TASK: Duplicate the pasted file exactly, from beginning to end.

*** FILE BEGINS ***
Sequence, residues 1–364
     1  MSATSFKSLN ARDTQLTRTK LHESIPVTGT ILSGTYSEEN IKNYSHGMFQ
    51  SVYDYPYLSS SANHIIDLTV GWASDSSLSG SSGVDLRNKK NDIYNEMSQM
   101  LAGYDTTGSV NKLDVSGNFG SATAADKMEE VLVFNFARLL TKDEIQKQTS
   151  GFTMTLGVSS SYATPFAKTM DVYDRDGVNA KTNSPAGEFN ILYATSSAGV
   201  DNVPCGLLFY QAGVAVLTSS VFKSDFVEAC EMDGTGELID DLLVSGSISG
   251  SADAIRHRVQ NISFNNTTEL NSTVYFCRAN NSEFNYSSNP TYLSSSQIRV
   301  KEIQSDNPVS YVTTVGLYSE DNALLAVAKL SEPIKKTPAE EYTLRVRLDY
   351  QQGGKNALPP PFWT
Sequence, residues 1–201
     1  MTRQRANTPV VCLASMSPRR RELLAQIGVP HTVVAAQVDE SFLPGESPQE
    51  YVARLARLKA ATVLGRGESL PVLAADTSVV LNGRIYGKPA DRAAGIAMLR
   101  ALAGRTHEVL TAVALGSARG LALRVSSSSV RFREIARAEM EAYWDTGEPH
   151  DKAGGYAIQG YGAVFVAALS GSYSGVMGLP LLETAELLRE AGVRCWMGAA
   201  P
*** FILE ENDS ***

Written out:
Sequence, residues 1–364
     1  MSATSFKSLN ARDTQLTRTK LHESIPVTGT ILSGTYSEEN IKNYSHGMFQ
    51  SVYDYPYLSS SANHIIDLTV GWASDSSLSG SSGVDLRNKK NDIYNEMSQM
   101  LAGYDTTGSV NKLDVSGNFG SATAADKMEE VLVFNFARLL TKDEIQKQTS
   151  GFTMTLGVSS SYATPFAKTM DVYDRDGVNA KTNSPAGEFN ILYATSSAGV
   201  DNVPCGLLFY QAGVAVLTSS VFKSDFVEAC EMDGTGELID DLLVSGSISG
   251  SADAIRHRVQ NISFNNTTEL NSTVYFCRAN NSEFNYSSNP TYLSSSQIRV
   301  KEIQSDNPVS YVTTVGLYSE DNALLAVAKL SEPIKKTPAE EYTLRVRLDY
   351  QQGGKNALPP PFWT
Sequence, residues 1–201
     1  MTRQRANTPV VCLASMSPRR RELLAQIGVP HTVVAAQVDE SFLPGESPQE
    51  YVARLARLKA ATVLGRGESL PVLAADTSVV LNGRIYGKPA DRAAGIAMLR
   101  ALAGRTHEVL TAVALGSARG LALRVSSSSV RFREIARAEM EAYWDTGEPH
   151  DKAGGYAIQG YGAVFVAALS GSYSGVMGLP LLETAELLRE AGVRCWMGAA
   201  P